Residual Stress and BPD Density Evolution during Cooling
Unsteady module of VR-PVT can be applied to PVT of SiC and AlN. It enables simulation of transient heating/cooling for optimization of heating and cooling recipes in terms of the residual stress and the final density of dislocations in the crystal. The Alexander-Haasen (AH) model is applied during the unsteady cooling stage. It describes plastic deformation of a single crystal by slip mechanism, relaxation of elastic stress and multiplication of basal plane dislocations (BPD).
Simulation of the growth process with VR can include three stages:
- Unsteady modeling of the growth system heating according to the user-defined recipe with Unsteady Module;
- Crystal growth. Namely, simulation of the long-term heat and mass-transport within the quasi-steady state approach. This stage represents the conventional Virtual Reactor modeling as performed without the Unsteady Module;
- Unsteady modeling of the growth system cooling according to the user-defined recipe. Simulation of the cooling stage can include prediction of the thermal stress and dislocation dynamics. At this stage, the thermal stress relaxation can be simulated using the Alexander-Haasen model.
There are two ways to specify heating/cooling recipe in the unsteady module. First approach is to specify programmed heater power. Alternatively, you can specify the evolution of temperature at a specific point (points). In the latter case, the software will automatically fit the power of the heater (heaters) to maintain that assigned temperature.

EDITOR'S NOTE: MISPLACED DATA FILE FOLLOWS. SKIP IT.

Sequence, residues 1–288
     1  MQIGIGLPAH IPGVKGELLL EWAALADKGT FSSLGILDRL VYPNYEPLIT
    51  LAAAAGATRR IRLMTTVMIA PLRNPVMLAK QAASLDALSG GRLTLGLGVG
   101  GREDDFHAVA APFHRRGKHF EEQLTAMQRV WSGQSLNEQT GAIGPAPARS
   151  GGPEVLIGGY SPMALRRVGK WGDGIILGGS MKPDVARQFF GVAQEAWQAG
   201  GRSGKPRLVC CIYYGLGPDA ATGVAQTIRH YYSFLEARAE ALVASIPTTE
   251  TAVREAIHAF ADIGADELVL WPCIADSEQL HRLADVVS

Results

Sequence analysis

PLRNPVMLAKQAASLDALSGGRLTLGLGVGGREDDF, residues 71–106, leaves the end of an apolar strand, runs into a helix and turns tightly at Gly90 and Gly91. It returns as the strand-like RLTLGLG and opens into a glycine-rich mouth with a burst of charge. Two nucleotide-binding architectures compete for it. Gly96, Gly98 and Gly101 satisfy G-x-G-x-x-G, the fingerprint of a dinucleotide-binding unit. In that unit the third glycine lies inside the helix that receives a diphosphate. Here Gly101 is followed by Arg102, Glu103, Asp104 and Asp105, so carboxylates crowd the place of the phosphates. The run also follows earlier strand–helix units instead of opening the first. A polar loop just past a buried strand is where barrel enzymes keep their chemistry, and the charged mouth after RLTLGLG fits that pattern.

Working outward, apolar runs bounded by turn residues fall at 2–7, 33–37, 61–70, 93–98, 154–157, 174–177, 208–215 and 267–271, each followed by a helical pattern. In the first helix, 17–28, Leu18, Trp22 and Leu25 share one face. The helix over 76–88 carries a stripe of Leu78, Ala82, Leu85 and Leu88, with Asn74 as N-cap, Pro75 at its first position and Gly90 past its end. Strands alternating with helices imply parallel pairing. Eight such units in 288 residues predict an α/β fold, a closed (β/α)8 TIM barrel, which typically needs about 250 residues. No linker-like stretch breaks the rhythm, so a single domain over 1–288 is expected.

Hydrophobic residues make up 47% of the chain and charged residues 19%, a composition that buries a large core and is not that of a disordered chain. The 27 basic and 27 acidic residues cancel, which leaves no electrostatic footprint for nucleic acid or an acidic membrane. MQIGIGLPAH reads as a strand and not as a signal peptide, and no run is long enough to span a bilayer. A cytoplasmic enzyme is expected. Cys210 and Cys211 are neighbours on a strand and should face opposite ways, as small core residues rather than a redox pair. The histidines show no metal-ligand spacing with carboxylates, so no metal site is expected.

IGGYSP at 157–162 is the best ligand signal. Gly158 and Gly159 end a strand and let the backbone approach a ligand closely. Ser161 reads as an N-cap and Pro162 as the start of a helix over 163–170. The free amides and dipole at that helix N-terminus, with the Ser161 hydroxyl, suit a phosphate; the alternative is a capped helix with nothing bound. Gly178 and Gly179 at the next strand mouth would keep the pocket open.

Modeling of the slow cool down of PVT furnace and SiC crystal
Application of the Unsteady Module to the development of cooling recipe of SiC crystal is illustrated below. The example shows residual stress (left) and final density of dislocations (right) in the crystal cooled down to the room temperature after the growth process using three different cooling recipes: 1) instantaneous switching off the heater (top), 2) decreasing the heater power linearly down to zero during 1 hour (middle), and 3) linear power decrease down to zero during 2 hours (bottom).
Residual stress in SiC crystal for three different cooling recipes
Final density of BP dislocations in SiC crystal for three different cooling recipes
Prediction of Warping of the Wafers Cut from the Bulk Crystal
When SiC boule is sliced, the wafers inherit plastic strain from the crystal, which affects their deformation after cutting. Based on the solution of the crystal plastoelastic deformation problem, expected radial distribution of the vertical displacement of the wafer, also known as warp, can be estimated for different vertical positions of the crystal.
Plot of the vertical displacement distribution along the wafer, found by integrating the plastic component of the shear strain. Wafer position is shown with red dash line above.
“Evolution of thermoelastic strain and dislocation density during sublimation growth of silicon carbide” by Zhmakin I.A., Kulik A.V., Karpov S.Yu., Demina S.E., Ramm M.S., Makarov Yu.N., Diamond and Related Materials, Vol.9, p.446-451, (2000)